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Daylight study reveals how animals adapt between seasons

University of Edinburgh

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IMAGE: Scottish Blackface flock. Scientists have discovered how a biological switch helps sheep make the seasonal changes crucial for survival, such as growing a warm winter coat and adjusting body temperatures. view more 

Credit: University of Edinburgh

Scientists have discovered how a biological switch helps animals make the seasonal changes crucial for survival, such as growing a warm winter coat and adjusting body temperatures.

The findings reveal how the brain responds to short and long days to allow animals to adapt to changing conditions and governs vital behaviour such as breeding cycles.

Researchers say the study in sheep could help explain the timings of seasonal adaptations in a number of species such as birds, reptiles and mammals.

The body's internal clock choreographs cycles in hormone levels and affects traits such as sleep and hunger. These alter over the course of the day - known as circadian rhythms - and are influenced by genetics.

Similar rhythms are also seen seasonally, but until now it was unclear how genes play a role in the biological changes that fluctuate between winter and summer.

Researchers led by the Universities of Edinburgh and Manchester studied an endocrine gland attached to the brain called the pituitary gland in sheep experiencing short or long lengths of day.

Brain tissue was analysed for gene activity across time, allowing scientists to observe the biological processes that happen in response to different day lengths.

They found that one of two possible biological mechanisms is activated within the pituitary gland depending on whether the day is long or short.

In summer when nights are long, the brain generates hormones that cause a cascade of gene activity leading to biological characteristics associated with summer.

When nights are short in winter, the switch is flipped - night-time hormones are released for longer, triggering biological processes linked to winter.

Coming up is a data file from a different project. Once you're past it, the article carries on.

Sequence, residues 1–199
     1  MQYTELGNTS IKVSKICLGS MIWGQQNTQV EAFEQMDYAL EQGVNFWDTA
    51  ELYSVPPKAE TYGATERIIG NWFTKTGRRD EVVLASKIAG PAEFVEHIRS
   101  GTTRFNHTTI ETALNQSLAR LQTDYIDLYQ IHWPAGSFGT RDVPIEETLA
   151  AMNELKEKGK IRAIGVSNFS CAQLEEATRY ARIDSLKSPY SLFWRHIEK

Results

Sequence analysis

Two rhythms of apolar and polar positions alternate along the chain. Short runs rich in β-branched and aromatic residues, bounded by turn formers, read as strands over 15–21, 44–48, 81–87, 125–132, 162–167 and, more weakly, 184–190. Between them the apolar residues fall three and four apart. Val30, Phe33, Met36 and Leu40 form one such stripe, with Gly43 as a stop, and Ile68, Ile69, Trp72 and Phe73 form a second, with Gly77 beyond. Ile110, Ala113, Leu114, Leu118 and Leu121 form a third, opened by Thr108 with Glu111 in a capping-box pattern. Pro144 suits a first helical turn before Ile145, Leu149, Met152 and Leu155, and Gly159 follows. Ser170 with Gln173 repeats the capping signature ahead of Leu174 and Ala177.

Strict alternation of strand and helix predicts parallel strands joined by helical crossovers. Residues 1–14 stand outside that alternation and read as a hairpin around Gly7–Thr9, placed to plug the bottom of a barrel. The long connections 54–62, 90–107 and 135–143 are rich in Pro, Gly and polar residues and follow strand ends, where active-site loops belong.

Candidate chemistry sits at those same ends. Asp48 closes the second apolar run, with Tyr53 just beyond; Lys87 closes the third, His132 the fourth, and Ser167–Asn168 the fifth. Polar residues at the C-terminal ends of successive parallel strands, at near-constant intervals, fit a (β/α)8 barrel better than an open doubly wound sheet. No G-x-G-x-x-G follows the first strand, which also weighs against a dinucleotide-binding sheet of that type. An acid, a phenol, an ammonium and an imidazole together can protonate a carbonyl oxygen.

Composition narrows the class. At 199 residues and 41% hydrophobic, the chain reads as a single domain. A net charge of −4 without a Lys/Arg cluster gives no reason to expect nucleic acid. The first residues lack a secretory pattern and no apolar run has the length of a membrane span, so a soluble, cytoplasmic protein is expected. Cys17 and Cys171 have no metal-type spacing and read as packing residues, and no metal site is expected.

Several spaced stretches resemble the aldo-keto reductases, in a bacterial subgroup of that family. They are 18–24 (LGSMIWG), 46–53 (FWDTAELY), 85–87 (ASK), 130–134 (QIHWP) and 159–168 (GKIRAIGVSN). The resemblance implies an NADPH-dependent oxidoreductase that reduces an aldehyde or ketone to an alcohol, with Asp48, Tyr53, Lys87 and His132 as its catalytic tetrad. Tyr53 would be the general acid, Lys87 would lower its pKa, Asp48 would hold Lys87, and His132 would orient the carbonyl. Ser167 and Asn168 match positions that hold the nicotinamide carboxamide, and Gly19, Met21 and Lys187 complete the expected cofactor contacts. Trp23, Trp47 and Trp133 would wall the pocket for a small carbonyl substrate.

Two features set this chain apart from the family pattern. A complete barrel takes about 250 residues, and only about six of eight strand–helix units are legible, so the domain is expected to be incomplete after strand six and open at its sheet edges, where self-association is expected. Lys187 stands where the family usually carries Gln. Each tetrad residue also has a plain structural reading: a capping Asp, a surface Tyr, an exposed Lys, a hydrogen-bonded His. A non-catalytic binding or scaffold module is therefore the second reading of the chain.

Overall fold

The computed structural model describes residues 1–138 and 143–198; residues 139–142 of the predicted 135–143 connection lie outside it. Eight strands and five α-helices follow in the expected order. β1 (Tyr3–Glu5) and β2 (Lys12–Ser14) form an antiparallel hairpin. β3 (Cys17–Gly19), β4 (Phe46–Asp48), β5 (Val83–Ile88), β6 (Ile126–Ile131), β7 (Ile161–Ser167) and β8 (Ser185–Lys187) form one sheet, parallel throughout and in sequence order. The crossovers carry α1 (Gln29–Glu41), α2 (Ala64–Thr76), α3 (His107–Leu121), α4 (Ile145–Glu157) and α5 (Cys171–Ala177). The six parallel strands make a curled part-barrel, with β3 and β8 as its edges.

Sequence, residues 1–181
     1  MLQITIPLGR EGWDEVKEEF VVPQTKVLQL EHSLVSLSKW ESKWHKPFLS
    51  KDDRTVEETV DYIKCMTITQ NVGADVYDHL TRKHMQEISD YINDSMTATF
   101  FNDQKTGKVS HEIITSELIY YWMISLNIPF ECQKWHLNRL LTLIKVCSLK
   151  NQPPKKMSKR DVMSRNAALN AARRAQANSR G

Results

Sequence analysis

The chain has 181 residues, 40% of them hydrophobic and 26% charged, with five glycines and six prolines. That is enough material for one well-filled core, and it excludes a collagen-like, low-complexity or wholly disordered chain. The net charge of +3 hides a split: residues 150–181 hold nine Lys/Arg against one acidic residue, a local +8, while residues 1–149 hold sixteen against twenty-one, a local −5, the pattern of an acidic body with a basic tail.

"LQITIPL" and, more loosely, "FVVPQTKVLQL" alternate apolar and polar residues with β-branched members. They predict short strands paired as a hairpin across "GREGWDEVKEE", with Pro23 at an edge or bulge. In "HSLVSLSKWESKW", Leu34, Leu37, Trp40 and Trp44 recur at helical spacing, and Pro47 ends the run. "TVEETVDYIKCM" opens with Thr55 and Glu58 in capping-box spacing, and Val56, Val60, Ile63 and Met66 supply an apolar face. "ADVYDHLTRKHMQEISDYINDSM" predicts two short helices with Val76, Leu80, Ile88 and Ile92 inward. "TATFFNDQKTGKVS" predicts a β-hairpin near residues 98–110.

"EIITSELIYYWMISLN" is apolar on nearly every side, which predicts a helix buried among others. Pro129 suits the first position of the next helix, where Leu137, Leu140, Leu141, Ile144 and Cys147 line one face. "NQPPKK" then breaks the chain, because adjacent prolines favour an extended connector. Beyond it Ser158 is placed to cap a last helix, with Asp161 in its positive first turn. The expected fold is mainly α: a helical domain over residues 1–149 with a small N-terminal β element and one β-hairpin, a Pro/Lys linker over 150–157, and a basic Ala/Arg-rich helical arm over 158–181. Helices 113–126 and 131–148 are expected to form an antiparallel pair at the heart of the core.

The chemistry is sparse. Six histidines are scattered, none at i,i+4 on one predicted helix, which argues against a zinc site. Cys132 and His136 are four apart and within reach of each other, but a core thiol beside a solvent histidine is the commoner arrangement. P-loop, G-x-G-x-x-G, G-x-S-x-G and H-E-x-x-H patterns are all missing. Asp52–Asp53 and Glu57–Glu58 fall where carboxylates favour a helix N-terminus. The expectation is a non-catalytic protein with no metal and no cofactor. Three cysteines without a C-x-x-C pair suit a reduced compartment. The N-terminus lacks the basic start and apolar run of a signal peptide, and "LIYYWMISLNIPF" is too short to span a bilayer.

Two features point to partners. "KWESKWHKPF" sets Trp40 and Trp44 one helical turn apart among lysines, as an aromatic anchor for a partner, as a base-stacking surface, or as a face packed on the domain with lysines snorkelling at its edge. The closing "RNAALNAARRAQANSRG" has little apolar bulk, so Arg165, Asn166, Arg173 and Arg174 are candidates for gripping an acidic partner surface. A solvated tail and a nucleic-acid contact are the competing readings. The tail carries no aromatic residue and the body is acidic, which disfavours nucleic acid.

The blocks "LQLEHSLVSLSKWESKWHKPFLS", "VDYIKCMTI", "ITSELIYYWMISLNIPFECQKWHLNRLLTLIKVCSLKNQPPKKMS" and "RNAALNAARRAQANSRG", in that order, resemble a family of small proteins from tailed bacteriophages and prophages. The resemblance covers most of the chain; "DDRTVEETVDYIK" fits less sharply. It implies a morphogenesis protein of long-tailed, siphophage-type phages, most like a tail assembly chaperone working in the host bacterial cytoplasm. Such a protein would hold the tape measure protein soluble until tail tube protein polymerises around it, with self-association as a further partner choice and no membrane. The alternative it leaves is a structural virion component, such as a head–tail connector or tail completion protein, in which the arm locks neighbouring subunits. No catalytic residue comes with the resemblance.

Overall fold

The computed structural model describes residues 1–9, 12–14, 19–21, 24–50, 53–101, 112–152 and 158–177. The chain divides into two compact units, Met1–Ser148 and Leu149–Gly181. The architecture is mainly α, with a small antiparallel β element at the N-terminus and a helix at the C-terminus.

The study found that in the sheep brain, both processes involve a circadian gene known as BMAL2, which is found in many animals but whose role in the seasonal clock was previously unknown.

The study, published in Nature Communications, was funded by the Biotechnology and Biological Sciences Research Council. The DOI is 10.1038/s41467-020-18061-z.

The Roslin Institute receives strategic investment funding from the Biotechnology and Biological Sciences Research Council and it is part of the University of Edinburgh's Royal (Dick) School of Veterinary Studies.

Professor Simone Meddle, who co-led the research from the University of Edinburgh's Roslin Institute, said: "Fluctuations in hormones and behaviour are part of a delicate biological orchestra that is crucial to life. Many animals depend on seasonal changes in their biology to survive and our findings are a crucial part of the puzzle to understand the underlying processes."

Professor Andrew Loudon, who co-led the study from the University of Manchester, said: "The genetic 'flip-flop' timer we have identified is key to functions such as fertility as sheep transition between winter and summer. We speculate that this genetic timer is likely to be fundamental to yearly changes in many species."

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For further information, please contact: Kate McAllister, Press and PR Office, 07825923164, Kate.McAllister@ed.ac.uk

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